successfully computed 20px.
   TabAtkins: Cyclic dependencies only occur when variables on the same
              element have cycles.
   Markus: If you accidentally do this, how do you know?
   TabAtkins: Web Inspector can provide that info to the author.
   fantasai: You can search for all data-* properties that compute to 'initial'
   <dbaron> we could in theory even provide a console warning
   Alan: What if data-foo is a color?
   TabAtkins: bar won't be invalid except at the point where it's used.
   plinss ask about resolution
   TabAtkins: The data variables are treated as a stream of tokens, except
              for data substitution, until they're used
   <dbaron> fantasai, it shouldn't compute to initial, since an invalid data
            property needs to make the property using it (which may not use
            it as a *whole*) get its initial value
   <fantasai> dbaron, that resolves itself
   <fantasai> dbaron, it'll either be the entire value of the property,
              in which case that property gets initial
   <fantasai> dbaron, or it won't be valid because it's not the entire
              value of the property, in which case that property gets initial
   <fantasai> dbaron, either way you get initial :)
   <dbaron> fantasai, initial as a keyword is valid within font-family
   dbaron: "The keywords 'initial' and 'default' are reserved for future use
            and must also be quoted when used as font names. UAs must not
            consider these keywords as matching the '<family-name>' type. "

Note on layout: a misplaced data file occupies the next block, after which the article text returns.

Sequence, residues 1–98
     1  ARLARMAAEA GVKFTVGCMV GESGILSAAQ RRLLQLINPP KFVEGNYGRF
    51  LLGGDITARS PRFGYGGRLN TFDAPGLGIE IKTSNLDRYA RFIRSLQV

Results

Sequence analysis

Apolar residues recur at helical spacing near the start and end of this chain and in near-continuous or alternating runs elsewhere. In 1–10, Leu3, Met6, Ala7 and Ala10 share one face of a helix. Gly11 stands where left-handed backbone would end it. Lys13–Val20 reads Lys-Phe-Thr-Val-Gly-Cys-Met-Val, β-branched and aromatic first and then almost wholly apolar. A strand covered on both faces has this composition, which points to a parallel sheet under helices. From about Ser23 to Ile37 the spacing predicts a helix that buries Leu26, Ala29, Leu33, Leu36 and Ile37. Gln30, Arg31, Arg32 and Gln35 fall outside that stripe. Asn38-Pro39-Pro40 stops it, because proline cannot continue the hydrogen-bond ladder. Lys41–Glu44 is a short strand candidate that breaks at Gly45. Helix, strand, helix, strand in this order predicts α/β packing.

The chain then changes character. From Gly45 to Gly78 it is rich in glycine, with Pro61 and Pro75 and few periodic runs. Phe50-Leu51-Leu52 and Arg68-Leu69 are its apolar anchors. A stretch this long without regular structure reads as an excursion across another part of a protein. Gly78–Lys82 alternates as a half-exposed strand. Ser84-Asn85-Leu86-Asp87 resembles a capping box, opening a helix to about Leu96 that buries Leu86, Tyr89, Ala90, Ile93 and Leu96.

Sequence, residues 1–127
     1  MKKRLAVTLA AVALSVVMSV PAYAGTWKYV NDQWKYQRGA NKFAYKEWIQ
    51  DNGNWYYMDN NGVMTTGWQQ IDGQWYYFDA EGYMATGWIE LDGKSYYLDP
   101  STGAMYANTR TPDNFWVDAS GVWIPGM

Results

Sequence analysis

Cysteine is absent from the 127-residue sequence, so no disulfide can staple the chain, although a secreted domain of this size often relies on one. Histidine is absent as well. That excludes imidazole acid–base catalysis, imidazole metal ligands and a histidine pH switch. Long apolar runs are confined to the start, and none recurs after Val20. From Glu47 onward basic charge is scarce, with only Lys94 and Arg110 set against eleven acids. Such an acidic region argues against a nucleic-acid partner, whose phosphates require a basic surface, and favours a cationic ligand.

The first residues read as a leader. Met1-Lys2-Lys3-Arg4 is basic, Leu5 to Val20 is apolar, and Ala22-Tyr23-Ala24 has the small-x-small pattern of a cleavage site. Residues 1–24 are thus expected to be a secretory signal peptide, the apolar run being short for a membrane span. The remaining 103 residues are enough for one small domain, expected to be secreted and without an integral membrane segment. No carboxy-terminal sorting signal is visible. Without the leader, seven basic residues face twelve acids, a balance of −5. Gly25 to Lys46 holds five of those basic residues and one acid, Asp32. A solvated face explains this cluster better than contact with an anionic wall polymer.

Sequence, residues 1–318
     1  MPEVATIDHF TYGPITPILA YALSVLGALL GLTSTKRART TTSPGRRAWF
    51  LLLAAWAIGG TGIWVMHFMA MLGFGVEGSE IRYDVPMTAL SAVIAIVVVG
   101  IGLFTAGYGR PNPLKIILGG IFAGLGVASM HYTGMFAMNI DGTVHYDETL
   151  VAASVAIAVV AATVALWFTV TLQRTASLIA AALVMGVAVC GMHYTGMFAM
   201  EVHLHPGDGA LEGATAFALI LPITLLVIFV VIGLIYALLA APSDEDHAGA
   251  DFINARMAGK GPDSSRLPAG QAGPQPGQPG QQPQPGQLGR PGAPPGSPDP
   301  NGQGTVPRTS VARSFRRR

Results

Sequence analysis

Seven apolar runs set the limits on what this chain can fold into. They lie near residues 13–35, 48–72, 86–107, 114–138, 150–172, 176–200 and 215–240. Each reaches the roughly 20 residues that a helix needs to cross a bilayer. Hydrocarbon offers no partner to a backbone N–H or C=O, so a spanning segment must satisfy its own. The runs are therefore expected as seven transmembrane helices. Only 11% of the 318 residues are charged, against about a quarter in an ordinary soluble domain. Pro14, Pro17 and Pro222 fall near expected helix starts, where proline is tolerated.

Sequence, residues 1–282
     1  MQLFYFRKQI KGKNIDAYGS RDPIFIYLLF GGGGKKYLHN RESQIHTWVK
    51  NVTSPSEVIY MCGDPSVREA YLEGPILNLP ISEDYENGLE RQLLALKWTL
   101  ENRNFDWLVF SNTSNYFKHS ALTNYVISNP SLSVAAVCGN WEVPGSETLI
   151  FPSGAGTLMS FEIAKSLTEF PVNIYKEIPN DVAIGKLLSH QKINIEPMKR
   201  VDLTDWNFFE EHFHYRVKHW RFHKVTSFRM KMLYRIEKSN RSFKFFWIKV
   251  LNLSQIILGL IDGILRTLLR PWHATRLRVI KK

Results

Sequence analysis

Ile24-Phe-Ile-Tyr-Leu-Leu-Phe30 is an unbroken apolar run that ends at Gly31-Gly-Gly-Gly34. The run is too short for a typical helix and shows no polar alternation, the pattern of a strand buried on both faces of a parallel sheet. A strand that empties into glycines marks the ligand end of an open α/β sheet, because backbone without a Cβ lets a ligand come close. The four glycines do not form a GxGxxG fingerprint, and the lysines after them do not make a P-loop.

<dbaron> "as" != "in"
   <dbaron> font-family: initial foo, cursive; is still valid

   John may have reservations about substituting variables within other
        data properties
   howcome: If you wanted a variable that equalled 10% on this element,
            you couldn't do that.
   TabAtkins: no
   TabAtkins: that would require more plumbing to make it work
   howcome: Don't think it's a req, just want to understand the model.
   howcome: Do you think there will be lots of invalid values? You go back
            to initial.
   TabAtkins: You will usually not run into this problem, because ...
   TabAtkins: You cannot resolve the data type of a data property at parse time
   TabAtkins: There are places where a particular token can masquerade as
              different things depending on the context it's used
   TabAtkins: If you use 'red' in color, it becomes a color. If you use it
              in list-style, it's treated as a counter name
   jdaggett: so you have to do 2 parsing steps
   TabAtkins: In most cases, no.
   jdaggett: Your processing model doesn't make sense to me.
   TabAtkins: I'm pretty sure it works
   <dbaron> It makes sense to me.
   jdaggett: Not clear to me when exactly these values are calculated
   <dbaron> You parse it into a token stream
   <dbaron> and handle any tokens that are the "data(" function
   <dbaron> and then save the token stream
   <dbaron> IMO, anyway
   jdaggett: What dbaron said makes sense. What Tab says makes no sense...
   TabAtkins: you can also optimize by storing the parsed (not just tokenized)
              version for reuse in the same context
   fantasai: That's an additional optmiziation.

   Rossen: What if I have data-foo: inherit?